Part of my research for this article included going through multiple reviews on multi-day tours on TripAdvisor. One of the main aspect of the tour that was often mentioned was the comfort level of the coach, van or car that was used to bring guests around.
Another aspect to consider is the safety of the vehicle you choose and the competence of your drivers. You want your guests to feel comfortable and assured that they will be able to explore your destination safely.
5. Punctuality is key
Another frequently mentioned aspect of multi-day tours is the punctuality of drivers and guides. I'm sure you already know how important this is but here's a friendly reminder: be punctual.
A friendly reminder never hurt anyone.
6. Give your customers the flexibility to customise their tours
Another way to make your multi-day tours stand out from the crowd is by allowing customers to determine how they would like to spend their vacation time. Today's travellers want experiences tailored and personalised and would happily pay more for it too.
You could give your customers the option of customising their travel itinerary or the type of accommodation they would like to stay in. This could also be a source of competitive advantage over your competitors.
7. Take the time to learn about your customers' needs and requirements
Along the lines of tailoring your tours to your customers needs and wants, your guides should also take the time to learn about the people they will be spending the next few days with. They should take note of important things like health issues or dietary requirements.
You could also go the extra mile and send them a simple questionnaire to figure out their likes and dislikes, and take that into account when planning out their itinerary.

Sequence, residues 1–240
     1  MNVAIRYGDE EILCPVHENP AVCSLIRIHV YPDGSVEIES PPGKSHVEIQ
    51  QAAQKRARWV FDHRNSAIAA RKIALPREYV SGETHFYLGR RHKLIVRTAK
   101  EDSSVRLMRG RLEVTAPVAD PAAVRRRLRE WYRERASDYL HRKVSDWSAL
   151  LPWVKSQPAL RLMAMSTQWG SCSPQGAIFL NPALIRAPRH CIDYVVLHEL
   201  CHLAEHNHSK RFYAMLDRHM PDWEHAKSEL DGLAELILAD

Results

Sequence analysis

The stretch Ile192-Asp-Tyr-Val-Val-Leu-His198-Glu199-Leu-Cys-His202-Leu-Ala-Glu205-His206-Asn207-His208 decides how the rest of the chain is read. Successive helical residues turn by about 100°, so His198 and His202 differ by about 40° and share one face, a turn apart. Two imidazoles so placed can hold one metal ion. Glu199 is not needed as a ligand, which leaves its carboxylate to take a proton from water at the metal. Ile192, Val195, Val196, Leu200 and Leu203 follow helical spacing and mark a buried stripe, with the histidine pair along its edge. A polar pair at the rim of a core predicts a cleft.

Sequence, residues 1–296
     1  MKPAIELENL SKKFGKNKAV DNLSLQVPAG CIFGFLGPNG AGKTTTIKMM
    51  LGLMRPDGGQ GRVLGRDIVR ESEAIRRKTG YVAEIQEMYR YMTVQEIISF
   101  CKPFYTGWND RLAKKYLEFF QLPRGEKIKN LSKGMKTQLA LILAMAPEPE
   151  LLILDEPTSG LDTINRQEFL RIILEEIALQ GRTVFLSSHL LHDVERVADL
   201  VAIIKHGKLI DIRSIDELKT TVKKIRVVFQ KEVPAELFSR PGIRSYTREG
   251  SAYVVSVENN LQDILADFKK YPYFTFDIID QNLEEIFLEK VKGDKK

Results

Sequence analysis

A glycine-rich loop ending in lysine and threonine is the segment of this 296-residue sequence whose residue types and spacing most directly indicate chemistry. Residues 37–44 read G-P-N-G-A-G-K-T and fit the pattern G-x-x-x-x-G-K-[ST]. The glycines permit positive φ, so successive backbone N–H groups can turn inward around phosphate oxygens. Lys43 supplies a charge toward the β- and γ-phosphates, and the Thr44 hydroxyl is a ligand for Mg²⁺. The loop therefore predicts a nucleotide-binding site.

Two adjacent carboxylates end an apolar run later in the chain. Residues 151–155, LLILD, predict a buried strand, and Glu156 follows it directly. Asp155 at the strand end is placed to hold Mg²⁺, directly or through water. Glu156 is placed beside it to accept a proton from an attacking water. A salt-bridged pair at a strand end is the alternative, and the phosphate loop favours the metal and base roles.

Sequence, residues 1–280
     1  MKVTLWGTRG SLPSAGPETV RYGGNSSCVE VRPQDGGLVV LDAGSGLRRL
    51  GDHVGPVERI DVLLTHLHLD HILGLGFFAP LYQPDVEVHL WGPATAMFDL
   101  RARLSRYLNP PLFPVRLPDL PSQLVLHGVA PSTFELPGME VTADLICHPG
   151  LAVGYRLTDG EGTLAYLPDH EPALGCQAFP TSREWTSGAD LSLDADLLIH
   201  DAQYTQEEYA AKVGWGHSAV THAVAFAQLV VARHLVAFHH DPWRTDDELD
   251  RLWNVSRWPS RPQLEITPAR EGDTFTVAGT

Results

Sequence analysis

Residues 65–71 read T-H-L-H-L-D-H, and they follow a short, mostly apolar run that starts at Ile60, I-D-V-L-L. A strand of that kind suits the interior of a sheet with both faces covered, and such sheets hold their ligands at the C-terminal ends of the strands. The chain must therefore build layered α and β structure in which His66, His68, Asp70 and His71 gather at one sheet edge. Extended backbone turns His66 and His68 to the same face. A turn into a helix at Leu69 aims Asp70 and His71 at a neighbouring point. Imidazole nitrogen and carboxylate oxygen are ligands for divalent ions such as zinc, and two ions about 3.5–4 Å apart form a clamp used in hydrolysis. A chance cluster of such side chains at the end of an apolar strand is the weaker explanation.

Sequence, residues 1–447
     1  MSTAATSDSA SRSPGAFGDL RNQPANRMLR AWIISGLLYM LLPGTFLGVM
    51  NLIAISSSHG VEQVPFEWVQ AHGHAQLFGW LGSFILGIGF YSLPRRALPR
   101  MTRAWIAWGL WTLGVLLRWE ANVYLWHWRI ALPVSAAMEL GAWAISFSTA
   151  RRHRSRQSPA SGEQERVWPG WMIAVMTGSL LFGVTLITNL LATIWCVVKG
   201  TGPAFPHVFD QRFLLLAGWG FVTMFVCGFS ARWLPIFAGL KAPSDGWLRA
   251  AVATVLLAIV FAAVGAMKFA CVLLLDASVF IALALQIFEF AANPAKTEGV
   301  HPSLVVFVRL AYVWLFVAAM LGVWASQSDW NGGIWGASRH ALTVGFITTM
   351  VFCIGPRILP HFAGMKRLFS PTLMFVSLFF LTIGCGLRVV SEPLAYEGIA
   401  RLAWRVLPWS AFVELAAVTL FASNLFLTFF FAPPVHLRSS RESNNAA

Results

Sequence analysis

8. Surprise your customers to delight them
To satisfy your customers, you should always provide the experience you promised them. To delight them, on the other hand, requires a little more effort.
To delight them, you need to surprise them with something special. For example, you could bring a basket filled with local foods and fruits for breakfast, and deliver it to the rooms of your customers. Going on a hike and know a great look out point that's not on the itinerary? Why not bring your guests along?
In summary, go the extra step.
9. Be prepared to think on your feet
Just like any line of work that involves human beings organising and planning things, be prepared for mistakes and hiccups. In such events, your guides need to be given the autonomy and have the initiative to act as they see fit to ensure that your customers still get an unforgettable holiday.
There should also be Plan Bs for when the Mother Nature decides to rain down on your parade (pardon the pun). It could be as simple as finding a nearby pub with great food and drink or an art gallery that customers can explore while waiting for the rain to stop.
10. Don't forget to follow up
Once the tour is over, remember to follow up with your guests. It would be brilliant if your guides wrote personal notes to your customers, especially on customised private tours. Alternatively, you could also send out follow-up emails thanking your guests for joining your tours and wishing them well.
This is also the perfect opportunity to ask for feedback about the tour or to get your customers to write a review of your tour on TripAdvisor. You could also include discount codes that they could use should they decide to book another tour with you or to share with their friends.
Do you have any other great tips for creating a multi-day tour?
Would you like to sign up for a demonstration of TrekkSoft? It was created for tour and activity operators like you.
Published by Nicole Kow
Having graduated from the UK, Nicole travelled around Europe before joining TrekkSoft's marketing team. She is now based in KL and regularly blogs about her travels at Next Train Out.